Morgan Stanley Ordered to Pay $70M for Tax-Reporting Errors
In its yearly regulatory filing, Morgan Stanley (MS) announced that it took a $70M charge because of tax-reporting mistakes made by its brokerage business from ’11 to ’16. The firm is talking to the Internal Revenue Service to settle any client tax underpayments. Morgan Stanley said that some of its wealth management clients that may have overpaid taxes as a result of these errors and they would be paid back.
The firm also announced that it might sustain a $221.3M loss because of a lawsuit brought by Salzburg, the Austrian state, over commodities derivatives and fixed-income transactions between ’05 and ’12. Salzburg claims that Morgan Stanley did not having the authority or ability to make such deals—a contention that the latter disputes.
Trading Firm Accused of Manipulating US Markets
According to a complaint brought by the US Securities and Exchange Commission, Avalon FA manipulated the US markets on hundreds of thousands of occasions, allegedly making over $21M in a layering scam. The regulator obtained an asset freeze against the Ukrainian trading company.
Layering is a scam that involves making orders but cancelling them after others have been lured into buying or selling stocks at prices that were artificially manipulated. The SEC also brought fraud charges against Nathan Fayyer, Avalon’s owner, and Sergey Putstelnik, who had an undisclosed controlling interest in Avalon.
The SEC also accused Avalon of making over $7M illicitly via a cross-market manipulation scam involving the purchase and sale of US stocks at a loss for the purpose of raising stock prices and profit from the artificial price. The traders used by Avalon were located in Asia and the US.
Meantime, the SEC is accusing Lek Securities and its owner Samuel Lek of facilitating Avalon’s scam by providing access to US markets, enhancing its trading technology to help Avalon’s trades, and approving the cross-market trading scam. Avalon was Lek Securities’ highest-producing customer for trading commissions, rebates, and fees.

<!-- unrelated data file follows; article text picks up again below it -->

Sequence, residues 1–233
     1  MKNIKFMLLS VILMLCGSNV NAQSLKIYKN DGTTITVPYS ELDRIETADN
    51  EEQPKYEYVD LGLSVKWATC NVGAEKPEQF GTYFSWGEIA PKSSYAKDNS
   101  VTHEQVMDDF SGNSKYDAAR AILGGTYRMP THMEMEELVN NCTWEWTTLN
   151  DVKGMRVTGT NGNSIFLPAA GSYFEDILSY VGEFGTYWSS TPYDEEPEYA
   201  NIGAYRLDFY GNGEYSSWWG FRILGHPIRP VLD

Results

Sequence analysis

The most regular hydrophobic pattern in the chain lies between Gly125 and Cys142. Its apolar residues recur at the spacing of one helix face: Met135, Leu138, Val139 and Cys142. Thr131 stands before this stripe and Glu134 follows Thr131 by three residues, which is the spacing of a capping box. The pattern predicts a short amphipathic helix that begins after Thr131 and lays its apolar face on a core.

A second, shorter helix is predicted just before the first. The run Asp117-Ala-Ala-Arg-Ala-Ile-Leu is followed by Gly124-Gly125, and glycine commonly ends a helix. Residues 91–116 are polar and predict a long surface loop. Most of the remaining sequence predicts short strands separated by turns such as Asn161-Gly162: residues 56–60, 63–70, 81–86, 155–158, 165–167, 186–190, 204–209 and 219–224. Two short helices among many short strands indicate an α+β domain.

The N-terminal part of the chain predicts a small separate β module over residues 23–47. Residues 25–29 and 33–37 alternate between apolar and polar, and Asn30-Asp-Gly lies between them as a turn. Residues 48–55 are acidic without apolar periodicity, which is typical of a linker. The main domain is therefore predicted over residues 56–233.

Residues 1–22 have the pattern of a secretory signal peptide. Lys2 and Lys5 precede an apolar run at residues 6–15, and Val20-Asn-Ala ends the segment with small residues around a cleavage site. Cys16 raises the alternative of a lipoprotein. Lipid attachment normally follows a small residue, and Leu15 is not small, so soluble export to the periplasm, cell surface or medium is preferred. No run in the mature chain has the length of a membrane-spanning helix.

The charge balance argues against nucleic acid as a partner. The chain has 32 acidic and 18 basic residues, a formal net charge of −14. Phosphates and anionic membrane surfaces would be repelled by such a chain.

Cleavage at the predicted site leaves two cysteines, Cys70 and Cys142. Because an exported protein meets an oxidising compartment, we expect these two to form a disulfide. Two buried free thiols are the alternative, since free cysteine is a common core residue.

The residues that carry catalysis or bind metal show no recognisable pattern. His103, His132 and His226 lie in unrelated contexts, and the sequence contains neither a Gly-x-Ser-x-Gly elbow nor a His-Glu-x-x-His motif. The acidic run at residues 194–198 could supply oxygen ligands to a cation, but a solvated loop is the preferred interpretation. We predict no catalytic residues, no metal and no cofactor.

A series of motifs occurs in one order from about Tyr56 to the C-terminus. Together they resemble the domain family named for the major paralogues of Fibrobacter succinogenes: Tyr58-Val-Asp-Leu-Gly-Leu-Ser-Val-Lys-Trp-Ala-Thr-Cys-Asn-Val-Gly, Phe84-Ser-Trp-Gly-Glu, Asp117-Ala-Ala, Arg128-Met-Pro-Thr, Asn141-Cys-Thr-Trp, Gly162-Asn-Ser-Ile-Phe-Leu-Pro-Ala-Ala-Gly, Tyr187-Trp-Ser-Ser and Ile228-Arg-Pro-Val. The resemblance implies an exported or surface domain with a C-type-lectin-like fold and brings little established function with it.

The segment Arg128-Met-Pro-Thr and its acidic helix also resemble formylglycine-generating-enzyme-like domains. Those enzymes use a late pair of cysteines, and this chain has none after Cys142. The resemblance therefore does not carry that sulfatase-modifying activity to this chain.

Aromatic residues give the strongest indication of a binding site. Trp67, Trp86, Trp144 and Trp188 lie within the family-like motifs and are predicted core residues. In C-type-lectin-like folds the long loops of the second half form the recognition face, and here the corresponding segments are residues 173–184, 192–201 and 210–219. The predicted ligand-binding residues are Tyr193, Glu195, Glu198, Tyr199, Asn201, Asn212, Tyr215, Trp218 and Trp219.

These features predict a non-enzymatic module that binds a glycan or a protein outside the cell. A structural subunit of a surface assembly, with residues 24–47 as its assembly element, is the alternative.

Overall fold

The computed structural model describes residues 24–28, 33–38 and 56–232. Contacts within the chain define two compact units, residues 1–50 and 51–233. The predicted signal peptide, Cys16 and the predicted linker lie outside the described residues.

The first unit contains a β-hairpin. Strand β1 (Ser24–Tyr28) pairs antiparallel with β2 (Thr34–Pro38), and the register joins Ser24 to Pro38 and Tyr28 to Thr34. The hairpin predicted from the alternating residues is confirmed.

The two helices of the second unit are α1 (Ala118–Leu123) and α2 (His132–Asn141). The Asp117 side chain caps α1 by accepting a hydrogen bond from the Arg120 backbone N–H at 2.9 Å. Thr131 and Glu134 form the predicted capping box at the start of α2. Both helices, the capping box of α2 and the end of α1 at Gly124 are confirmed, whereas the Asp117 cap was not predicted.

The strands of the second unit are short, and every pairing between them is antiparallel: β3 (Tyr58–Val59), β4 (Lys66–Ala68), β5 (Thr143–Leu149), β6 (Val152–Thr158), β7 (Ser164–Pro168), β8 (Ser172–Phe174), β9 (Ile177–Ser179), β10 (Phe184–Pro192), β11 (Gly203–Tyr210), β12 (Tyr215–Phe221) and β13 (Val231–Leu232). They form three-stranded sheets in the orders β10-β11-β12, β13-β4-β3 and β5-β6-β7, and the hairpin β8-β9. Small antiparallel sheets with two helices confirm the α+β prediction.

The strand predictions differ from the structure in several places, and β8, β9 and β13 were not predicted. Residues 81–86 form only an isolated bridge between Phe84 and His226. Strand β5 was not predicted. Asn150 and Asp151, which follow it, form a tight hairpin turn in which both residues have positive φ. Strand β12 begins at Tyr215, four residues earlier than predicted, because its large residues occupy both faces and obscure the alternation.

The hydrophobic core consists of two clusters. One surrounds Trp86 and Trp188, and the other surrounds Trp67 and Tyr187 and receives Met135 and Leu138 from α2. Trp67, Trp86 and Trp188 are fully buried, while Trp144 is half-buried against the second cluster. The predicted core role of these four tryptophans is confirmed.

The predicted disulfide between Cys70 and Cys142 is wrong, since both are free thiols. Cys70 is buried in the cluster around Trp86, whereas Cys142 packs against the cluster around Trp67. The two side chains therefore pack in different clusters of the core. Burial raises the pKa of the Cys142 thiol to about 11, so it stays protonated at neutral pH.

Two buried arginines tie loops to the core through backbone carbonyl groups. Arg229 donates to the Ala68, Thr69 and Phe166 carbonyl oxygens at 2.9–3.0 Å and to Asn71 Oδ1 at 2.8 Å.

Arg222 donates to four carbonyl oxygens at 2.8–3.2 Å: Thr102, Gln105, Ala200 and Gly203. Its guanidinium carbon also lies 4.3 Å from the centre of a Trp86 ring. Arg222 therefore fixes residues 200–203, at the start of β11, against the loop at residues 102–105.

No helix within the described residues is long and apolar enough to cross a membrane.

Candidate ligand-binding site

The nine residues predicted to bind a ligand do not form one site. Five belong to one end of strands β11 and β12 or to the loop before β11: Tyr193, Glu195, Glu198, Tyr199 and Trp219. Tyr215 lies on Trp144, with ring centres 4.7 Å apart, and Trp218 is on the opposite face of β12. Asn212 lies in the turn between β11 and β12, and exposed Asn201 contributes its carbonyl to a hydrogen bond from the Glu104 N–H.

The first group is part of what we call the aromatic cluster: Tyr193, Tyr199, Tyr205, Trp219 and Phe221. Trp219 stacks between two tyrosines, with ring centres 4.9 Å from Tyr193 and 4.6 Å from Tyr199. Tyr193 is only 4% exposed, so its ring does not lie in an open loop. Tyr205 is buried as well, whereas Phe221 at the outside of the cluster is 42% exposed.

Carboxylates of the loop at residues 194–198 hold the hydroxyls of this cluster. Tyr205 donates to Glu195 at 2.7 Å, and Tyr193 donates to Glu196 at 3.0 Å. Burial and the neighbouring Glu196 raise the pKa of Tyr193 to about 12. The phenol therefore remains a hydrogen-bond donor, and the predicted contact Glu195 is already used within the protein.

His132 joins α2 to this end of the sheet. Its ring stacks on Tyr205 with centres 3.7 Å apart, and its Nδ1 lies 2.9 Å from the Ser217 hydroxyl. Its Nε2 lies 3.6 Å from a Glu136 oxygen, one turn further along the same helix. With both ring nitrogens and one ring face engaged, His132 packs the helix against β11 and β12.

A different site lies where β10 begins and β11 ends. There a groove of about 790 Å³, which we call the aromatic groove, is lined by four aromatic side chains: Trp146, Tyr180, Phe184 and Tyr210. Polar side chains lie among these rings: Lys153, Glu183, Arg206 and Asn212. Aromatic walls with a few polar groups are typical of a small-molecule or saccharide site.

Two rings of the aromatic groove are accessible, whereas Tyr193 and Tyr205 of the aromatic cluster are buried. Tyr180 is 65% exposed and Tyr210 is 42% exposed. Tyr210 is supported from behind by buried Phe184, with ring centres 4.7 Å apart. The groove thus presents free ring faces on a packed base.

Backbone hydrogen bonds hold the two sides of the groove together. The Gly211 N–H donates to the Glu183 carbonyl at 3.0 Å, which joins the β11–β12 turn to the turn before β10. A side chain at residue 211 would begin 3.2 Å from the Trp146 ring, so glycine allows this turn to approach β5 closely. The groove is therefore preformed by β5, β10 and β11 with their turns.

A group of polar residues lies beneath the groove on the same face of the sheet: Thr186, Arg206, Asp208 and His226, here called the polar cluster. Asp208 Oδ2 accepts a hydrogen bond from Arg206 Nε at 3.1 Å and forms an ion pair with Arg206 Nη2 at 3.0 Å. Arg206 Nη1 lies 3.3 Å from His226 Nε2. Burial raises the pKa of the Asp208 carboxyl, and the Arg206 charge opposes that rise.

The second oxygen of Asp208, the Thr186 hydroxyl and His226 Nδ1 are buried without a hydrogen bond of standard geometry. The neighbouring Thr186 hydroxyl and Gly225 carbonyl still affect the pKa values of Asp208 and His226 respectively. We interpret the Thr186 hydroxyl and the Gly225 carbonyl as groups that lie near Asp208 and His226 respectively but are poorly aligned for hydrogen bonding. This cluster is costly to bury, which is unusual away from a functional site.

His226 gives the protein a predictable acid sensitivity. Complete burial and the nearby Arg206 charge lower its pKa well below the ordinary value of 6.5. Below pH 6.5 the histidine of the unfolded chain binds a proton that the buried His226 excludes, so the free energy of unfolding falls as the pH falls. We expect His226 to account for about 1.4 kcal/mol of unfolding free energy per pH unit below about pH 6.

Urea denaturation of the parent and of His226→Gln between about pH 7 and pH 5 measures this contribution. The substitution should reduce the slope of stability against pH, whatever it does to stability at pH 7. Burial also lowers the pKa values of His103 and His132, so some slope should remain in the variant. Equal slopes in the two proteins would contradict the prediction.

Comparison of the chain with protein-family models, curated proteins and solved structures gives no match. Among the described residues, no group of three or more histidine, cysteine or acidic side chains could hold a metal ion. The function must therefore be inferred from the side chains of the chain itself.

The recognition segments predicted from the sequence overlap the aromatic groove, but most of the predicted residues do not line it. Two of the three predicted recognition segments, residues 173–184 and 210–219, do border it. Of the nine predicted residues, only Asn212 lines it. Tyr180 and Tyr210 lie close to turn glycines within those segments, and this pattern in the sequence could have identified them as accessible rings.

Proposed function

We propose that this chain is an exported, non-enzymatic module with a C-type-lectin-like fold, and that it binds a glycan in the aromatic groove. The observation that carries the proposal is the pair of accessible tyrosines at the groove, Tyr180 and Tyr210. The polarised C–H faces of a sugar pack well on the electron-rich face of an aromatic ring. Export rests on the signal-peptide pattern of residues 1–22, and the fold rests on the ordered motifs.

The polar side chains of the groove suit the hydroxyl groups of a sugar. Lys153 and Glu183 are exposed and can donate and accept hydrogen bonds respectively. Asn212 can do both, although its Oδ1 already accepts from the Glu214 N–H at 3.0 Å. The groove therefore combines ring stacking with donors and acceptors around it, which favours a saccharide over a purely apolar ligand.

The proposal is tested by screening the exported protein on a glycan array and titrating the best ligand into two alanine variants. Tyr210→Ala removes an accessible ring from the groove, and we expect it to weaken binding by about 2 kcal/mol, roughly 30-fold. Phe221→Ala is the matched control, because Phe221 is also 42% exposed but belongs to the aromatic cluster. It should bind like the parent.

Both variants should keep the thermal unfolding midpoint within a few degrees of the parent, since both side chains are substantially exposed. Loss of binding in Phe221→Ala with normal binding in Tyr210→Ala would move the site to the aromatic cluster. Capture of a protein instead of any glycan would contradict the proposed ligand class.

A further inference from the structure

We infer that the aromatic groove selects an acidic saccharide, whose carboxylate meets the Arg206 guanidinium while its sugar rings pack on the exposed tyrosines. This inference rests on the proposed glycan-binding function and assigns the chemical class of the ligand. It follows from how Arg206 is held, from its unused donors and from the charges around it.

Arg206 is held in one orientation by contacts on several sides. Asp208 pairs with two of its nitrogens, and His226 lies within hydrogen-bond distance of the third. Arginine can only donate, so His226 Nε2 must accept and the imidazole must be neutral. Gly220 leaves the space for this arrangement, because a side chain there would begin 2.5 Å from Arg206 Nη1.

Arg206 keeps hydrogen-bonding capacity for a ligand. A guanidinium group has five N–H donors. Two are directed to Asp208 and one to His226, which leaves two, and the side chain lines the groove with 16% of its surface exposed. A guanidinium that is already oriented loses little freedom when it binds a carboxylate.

Hedge Fund Accused of Fraud
The Consumer Financial Protection Bureau and New York Attorney General Eric Schneiderman are accusing RD Legal Capital of fraud that cost 9/11 responders, including firefighters and police officers, millions of dollars. According to the hedge fund fraud lawsuit, RD Legal Capital sometimes charged these individuals interest rates of over 250% for the financing of federal cash to cover sick workers’ medical care.
For example, according to The Wall Steet Journal, ex-NY City police officer Elmer Santiago borrowed $355K from RD Legal Capital fund affiliates to cover his medical expenses related to the 2001 terrorist attacks. At the time, he was living in his jeep. When the fund finally billed him—$860K— it was along with a 57% interest rate. Another severely disabled first responder reportedly was told to pay back RD Legal more than $63K after the firm gave him $35K just three months before. The lawsuit contends that the interest charged was over 250%.
Schneiderman and the Consumer Financial Protection Bureau contend that RD Legal lied about how much the 9/11 responders would be paid for what proved to be short-term loans. NY law caps interest rates for loans at 25%.
The hedge fund is also accused of bilking ex-NFL players who were seeking a $1B settlement for their head injuries that they sustained on the job.
Morgan Stanley gave some clients incorrect tax information, Reuters, February 27, 2017